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Where Are the People?
December 16, 2013 6:16 PM   Subscribe

The waning influence of evangelical Christianity can be seen through the story of Orange County's Crystal Cathedral.
posted by reenum (59 comments total) 15 users marked this as a favorite

 
My wife (now a confirmed atheist) says that the Christmas pageant at Crystal Cathedral was a unique spectacle and a thing of wonder. Personally, I've only seen the place from afar, across a fast swath of industrial urban mass from the 5 freeway. I don't see the evangelical influence diminishing very much at all in the south county, however.
posted by Brocktoon at 6:26 PM on December 16, 2013 [2 favorites]


Maybe in California.
posted by T.D. Strange at 6:29 PM on December 16, 2013 [1 favorite]


Were that it was so.

California's evangelical population is not usually a predictor of the evangelicals of the red states. They are firmly entrenched.
posted by tafetta, darling! at 6:51 PM on December 16, 2013


Interesting article. We've still got Calvary Chapel and Mariners Church holding down the evangelical front. Orange County is a strange place. If you get bored with the Christians, you can always hang out with the Neo-Nazi's
posted by Arbac at 6:54 PM on December 16, 2013


I suppose you have to be an atheist raised Baptist who went to a Catholic high school to be as thoroughly amused as I am by the thought of a Catholic diocese trying to convert the Crystal Cathedral campus into something passable as an actual Catholic cathedral.
posted by localroger at 6:56 PM on December 16, 2013 [6 favorites]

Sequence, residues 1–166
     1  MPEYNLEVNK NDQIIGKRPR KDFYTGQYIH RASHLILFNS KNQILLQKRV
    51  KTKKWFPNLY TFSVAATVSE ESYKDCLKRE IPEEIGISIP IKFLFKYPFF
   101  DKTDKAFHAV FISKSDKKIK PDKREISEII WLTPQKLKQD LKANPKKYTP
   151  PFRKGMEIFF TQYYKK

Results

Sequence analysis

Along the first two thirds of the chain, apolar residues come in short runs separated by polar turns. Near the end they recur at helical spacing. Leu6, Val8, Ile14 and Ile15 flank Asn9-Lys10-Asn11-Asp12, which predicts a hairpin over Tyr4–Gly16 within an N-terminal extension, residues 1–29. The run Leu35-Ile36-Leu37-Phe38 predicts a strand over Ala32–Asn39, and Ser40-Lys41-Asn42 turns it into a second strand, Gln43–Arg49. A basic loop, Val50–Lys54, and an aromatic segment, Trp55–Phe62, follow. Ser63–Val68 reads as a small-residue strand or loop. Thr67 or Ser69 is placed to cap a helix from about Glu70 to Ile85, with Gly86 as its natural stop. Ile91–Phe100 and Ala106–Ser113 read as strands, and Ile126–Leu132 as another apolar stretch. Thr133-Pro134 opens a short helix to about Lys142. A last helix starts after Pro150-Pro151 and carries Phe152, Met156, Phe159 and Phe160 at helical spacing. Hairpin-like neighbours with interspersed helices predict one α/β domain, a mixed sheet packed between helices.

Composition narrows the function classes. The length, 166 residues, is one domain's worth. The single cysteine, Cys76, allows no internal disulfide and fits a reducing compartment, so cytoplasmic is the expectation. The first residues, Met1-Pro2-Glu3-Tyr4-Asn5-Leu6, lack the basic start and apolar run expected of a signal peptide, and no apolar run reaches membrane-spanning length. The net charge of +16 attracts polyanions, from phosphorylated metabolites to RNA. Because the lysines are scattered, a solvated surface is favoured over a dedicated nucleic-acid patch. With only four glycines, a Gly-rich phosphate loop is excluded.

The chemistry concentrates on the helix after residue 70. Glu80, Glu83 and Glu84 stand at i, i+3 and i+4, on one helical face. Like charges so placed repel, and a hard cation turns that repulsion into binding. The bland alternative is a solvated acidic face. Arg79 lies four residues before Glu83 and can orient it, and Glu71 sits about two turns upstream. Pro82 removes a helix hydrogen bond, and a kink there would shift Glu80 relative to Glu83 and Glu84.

I am sure that the priests of Jupiter in Rome believed with all of their hearts that the temple rituals would continue forever. But then in a heartbeat they and their entire religion vanished forever. The same thing will eventually happen to every single religion humans currently believe in. The interesting thing is not that these religions are collapsing, but the degree to which they are being replaced with no organized religion at all.
posted by 1adam12 at 7:06 PM on December 16, 2013 [9 favorites]


Orange County is a strange place. If you get bored with the Christians, you can always hang out with the Neo-Nazi's.

"O.C. Nazis. I hate O.C. Nazis."
posted by AlonzoMosleyFBI at 7:17 PM on December 16, 2013 [12 favorites]


Yeah, Brocktoon, it's doing just fine in North Orange County too. This opened up in the city where my Dad lives, and if you look at the programs they offer, they're booming. And there's plenty of smaller, store-front style places scattered around, like this one. That's where all the people are. (And I haven't even mentioned the Korean evangelical churches.)
posted by benito.strauss at 7:20 PM on December 16, 2013


No, evangelicalism’s dilemma stems more from a change in American Christianity itself, a sense of creeping exhaustion with the popularizing, simplifying impulse evangelical luminaries such as Schuller once rode to success.

I would suggest that American evangelicalism began to decline when it became a political force opposed to food stamps under a banner of family values. It was more than just being off message by raving hypocrites, it was the thematic vehicle that carried a major political party's hopes and dreams for world war and global corruption.
posted by Brian B. at 7:24 PM on December 16, 2013 [11 favorites]


But then in a heartbeat they and their entire religion vanished forever.

That "heartbeat" lasted a couple of hundred years after millennia of relative stability, and the pagan Roman religions didn't collapse from within so much as they were stabbed in the back for political reasons. By contrast US religious orthodoxy has always been quite fluid, and the precipitous rise and fall of the superchurch Evangelicals quite spectacular.
posted by localroger at 7:26 PM on December 16, 2013 [5 favorites]